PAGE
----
The second exercise asks the student to match the words with their definition. '''''''''''.: someone you can be sure that they will always act consistently or sensibly. '''''''''''.: a person who is able to do good decisions and judgments based on reason '''''''''''.: Someone who is approved of by society and considered to be morally correct '''''''''''.: A very sick or disabled person '''''''''''.: someone who is good enough '''''''''''.: people who behave properly and sensibly '''''''''''.: Someone who looks tidy or attractive

For a third activity the teacher has asked the students to sort the list of words that can be used as adjectives, from the song, into negative or positive groups (+ive) dependable, sensible, respectable, acceptable, responsible (- ive) fanatical, radical, criminal, clinical, cynical Other examples of creating exercises from the lyrics included.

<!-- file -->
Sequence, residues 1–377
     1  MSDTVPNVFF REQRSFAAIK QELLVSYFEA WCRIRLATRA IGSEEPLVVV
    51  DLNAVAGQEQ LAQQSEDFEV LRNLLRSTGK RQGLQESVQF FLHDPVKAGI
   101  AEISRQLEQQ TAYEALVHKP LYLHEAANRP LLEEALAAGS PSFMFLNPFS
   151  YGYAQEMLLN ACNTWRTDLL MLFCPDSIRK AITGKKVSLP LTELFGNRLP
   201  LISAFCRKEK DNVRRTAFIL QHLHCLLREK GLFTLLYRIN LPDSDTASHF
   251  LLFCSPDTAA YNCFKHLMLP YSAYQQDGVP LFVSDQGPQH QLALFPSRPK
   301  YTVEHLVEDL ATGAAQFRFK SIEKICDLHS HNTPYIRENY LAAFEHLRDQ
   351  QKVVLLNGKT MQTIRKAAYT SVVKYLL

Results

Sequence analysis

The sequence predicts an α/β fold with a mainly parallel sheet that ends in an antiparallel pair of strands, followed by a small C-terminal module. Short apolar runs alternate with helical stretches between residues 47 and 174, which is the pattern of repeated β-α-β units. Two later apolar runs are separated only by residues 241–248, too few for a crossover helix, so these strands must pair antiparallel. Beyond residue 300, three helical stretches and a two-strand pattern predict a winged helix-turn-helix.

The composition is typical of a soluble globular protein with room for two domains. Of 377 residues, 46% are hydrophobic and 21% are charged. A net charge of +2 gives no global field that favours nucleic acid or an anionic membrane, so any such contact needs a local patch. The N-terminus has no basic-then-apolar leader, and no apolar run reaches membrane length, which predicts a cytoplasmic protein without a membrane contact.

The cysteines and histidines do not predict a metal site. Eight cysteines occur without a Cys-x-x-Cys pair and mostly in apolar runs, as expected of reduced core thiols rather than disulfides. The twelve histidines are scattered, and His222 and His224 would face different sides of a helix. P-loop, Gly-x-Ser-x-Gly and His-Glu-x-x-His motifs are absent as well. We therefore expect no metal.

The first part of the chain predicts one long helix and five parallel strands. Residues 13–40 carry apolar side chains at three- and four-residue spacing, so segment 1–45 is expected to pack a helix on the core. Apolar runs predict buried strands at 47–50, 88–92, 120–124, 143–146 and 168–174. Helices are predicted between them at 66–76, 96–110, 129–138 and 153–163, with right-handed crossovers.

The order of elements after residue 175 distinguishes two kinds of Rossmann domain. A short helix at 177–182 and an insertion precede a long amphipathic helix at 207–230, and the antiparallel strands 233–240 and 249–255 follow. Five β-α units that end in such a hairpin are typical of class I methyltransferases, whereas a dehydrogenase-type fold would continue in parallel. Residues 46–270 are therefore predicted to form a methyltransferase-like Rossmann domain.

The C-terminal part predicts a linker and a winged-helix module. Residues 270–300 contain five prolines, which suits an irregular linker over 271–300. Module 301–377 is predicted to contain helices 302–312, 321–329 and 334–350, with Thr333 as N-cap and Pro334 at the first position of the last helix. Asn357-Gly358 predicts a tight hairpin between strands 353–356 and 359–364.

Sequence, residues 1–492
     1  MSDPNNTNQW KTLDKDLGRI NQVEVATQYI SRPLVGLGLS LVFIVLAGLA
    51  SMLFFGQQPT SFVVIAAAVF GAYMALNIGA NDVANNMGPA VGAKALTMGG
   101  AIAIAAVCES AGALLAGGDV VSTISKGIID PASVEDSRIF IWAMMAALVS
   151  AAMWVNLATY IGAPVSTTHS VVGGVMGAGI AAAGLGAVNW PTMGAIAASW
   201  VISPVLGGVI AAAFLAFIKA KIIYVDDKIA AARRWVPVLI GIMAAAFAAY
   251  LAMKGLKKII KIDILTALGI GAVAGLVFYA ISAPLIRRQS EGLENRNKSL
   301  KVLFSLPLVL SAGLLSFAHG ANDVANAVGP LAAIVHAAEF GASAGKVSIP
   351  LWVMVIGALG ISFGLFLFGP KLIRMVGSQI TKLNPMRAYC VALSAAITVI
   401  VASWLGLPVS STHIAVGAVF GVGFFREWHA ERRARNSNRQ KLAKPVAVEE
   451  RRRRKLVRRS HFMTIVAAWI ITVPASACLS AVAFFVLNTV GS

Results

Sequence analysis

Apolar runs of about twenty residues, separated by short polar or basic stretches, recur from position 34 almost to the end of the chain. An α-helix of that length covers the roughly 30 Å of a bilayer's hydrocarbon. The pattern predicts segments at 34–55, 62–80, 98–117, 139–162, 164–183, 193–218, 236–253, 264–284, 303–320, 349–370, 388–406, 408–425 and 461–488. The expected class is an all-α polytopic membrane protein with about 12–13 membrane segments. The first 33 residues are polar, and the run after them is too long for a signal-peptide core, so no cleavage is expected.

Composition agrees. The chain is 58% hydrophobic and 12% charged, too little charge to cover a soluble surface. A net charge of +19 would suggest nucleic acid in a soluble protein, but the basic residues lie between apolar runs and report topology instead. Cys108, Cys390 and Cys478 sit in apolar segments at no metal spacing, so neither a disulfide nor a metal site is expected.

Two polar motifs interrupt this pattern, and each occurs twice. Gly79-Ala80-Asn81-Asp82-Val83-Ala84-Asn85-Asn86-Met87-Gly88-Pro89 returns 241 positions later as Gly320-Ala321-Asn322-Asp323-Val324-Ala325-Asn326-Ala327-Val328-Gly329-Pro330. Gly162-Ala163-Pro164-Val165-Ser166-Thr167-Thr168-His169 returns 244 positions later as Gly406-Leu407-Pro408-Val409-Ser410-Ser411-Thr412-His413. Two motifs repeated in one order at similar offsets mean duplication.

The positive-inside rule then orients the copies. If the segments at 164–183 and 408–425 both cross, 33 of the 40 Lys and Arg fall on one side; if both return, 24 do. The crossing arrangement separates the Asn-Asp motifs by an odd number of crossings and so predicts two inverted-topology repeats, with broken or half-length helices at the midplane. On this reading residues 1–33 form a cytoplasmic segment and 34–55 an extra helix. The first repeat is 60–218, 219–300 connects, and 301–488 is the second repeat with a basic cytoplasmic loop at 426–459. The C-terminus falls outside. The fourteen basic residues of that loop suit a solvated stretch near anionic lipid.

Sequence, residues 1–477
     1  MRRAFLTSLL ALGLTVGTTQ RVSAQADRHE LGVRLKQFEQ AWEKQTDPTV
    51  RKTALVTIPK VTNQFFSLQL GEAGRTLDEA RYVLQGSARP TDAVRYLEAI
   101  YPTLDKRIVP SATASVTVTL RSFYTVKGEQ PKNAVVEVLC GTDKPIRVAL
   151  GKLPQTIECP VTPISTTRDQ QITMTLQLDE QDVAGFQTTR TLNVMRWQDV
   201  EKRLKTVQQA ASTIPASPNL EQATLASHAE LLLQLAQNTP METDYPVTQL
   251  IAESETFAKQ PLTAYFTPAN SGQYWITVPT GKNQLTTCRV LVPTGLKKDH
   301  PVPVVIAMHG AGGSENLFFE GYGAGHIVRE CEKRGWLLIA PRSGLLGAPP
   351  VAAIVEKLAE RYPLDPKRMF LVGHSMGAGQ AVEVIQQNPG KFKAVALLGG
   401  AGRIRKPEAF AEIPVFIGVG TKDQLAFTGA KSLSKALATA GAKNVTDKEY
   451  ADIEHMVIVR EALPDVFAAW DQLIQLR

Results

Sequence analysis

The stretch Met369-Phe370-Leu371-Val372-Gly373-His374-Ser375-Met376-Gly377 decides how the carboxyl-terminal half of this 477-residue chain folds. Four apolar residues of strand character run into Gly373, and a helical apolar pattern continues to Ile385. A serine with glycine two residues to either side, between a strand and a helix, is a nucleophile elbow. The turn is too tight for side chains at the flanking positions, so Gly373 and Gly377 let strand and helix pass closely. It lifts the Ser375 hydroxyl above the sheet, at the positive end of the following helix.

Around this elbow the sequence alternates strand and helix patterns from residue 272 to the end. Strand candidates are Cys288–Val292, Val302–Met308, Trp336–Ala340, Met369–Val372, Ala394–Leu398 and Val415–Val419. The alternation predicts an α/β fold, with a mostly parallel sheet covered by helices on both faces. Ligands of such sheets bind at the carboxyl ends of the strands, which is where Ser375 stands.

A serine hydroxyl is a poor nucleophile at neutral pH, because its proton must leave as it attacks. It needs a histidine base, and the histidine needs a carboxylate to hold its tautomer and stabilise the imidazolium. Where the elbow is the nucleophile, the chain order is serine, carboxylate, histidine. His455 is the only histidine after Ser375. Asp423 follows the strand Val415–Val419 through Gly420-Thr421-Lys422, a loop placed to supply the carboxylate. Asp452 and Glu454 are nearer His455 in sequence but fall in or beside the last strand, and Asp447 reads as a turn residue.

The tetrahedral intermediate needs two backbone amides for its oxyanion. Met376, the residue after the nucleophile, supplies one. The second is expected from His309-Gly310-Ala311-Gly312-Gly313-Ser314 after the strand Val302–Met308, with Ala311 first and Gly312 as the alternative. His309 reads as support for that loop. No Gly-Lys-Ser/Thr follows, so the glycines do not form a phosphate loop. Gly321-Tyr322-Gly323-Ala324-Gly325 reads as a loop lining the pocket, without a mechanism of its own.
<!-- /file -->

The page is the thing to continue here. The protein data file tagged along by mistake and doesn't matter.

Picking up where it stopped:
a) Scrambling the sentences. b) Substituting words with invented ones. c) Mixing the lyrics from two different songs together. d) Asking the students to take a few words from the lyrics to make a different sentence. e) Creating a bingo board that the students can fill in as they listen to a song. f) Put scrambled words from a line back in order, and then listen to check if it was done correctly. g) Put the lines of the chorus in order, and then listen to check if it was done correctly. h) To write questions that can be answered by each line and ask the students to listen for the answers. i) To play partial lines of a song and ask the students to predict the missing rhyming words